Extinct Giant Shark Nursery Discovered
|The six-foot long babies of the world's biggest shark species spent this vulnerable stage of their lives in shallow water.|
"Adult giant sharks, at 60 to 70 feet in length, faced few predators, but young sharks faced predation from larger sharks," said Catalina Pimiento, visiting scientist at the Smithsonian Tropical Research Institute (STRI) and graduate student at the University of Florida. "As in several modern shark species, juvenile giant sharks probably spent this vulnerable stage of their lives in shallow water where food was plentiful and large predators had difficulty maneuvering."
Paleontologists from STRI and the University of Florida collected more than 400 fossil shark teeth from Panama´s 10-million-year-old Gatun Formation as part of ongoing work to reveal the origins of this narrow land bridge that rose to connect North and South America about three million years ago.
"The 28 teeth that we identified as C. megalodon were almost all from neonates and juveniles," said Pimiento.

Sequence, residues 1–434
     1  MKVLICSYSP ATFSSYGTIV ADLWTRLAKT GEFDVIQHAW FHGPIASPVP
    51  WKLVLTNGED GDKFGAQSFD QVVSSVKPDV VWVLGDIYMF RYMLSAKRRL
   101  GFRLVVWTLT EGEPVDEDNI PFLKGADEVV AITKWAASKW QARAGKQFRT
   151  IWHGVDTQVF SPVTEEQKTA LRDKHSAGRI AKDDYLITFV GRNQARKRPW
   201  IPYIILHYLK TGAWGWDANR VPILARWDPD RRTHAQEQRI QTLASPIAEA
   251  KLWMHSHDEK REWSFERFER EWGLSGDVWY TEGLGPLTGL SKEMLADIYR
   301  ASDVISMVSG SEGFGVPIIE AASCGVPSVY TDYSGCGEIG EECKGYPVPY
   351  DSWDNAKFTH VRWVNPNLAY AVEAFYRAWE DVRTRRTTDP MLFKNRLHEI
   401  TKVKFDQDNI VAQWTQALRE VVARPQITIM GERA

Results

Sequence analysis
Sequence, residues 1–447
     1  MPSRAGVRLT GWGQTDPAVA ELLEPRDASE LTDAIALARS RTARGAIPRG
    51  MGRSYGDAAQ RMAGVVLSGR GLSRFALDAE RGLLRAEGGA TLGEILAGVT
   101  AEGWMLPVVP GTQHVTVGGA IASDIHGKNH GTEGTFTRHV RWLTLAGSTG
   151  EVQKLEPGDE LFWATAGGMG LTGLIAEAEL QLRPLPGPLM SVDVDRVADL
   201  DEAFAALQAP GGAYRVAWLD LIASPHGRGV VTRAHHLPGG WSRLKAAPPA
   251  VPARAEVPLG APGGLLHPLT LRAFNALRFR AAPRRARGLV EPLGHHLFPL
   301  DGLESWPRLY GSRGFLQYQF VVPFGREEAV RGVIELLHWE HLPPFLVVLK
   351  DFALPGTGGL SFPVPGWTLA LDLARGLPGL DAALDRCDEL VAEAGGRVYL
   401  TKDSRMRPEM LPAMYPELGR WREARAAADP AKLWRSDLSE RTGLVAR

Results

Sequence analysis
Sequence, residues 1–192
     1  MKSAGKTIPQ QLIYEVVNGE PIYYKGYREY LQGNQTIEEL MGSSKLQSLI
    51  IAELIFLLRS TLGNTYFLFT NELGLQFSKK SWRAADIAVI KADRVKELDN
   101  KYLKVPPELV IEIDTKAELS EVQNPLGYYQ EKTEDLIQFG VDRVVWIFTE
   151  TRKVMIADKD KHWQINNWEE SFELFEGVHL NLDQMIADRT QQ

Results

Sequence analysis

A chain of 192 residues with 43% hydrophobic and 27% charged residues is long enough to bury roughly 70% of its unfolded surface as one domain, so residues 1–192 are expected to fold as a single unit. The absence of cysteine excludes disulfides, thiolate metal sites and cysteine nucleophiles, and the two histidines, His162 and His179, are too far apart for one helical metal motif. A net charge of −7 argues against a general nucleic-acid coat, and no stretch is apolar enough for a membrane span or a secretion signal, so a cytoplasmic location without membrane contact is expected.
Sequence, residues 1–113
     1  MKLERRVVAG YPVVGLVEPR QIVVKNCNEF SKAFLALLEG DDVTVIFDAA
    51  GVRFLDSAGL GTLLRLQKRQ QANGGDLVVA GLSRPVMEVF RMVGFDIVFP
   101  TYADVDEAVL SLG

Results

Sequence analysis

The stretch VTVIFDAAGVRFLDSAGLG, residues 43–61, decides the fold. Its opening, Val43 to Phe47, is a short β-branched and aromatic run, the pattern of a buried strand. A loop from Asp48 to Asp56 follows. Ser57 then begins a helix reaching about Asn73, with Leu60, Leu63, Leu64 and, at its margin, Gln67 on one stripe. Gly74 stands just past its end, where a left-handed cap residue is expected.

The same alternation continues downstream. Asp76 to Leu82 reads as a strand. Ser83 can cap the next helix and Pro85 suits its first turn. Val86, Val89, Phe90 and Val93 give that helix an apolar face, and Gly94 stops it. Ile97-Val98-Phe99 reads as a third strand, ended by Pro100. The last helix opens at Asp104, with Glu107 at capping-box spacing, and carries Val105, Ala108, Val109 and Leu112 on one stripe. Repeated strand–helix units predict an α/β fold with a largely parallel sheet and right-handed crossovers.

Researchers used reference collections at the Smithsonian's National Museum of Natural History and the Florida Museum of Natural History to characterize the teeth.
The team discarded several other explanations for the concentration of small teeth at the site. Prior to their discovery in Panama, two other fossil beds have been proposed as paleo-shark nurseries: The Williamsburg Formation from the Paleocene and the Oligocene Chandler Bridge Formation, both in South Carolina.
The sandy soils of the Gatun Formation have been used for years to make cement. Soon, these outcrops will be exhausted. Scientists continue to race against the clock to find out more about the ancient inhabitants of the region.
These results, generated with funds from the U.S. National Science Foundation, are published online in the journal PloS ONE.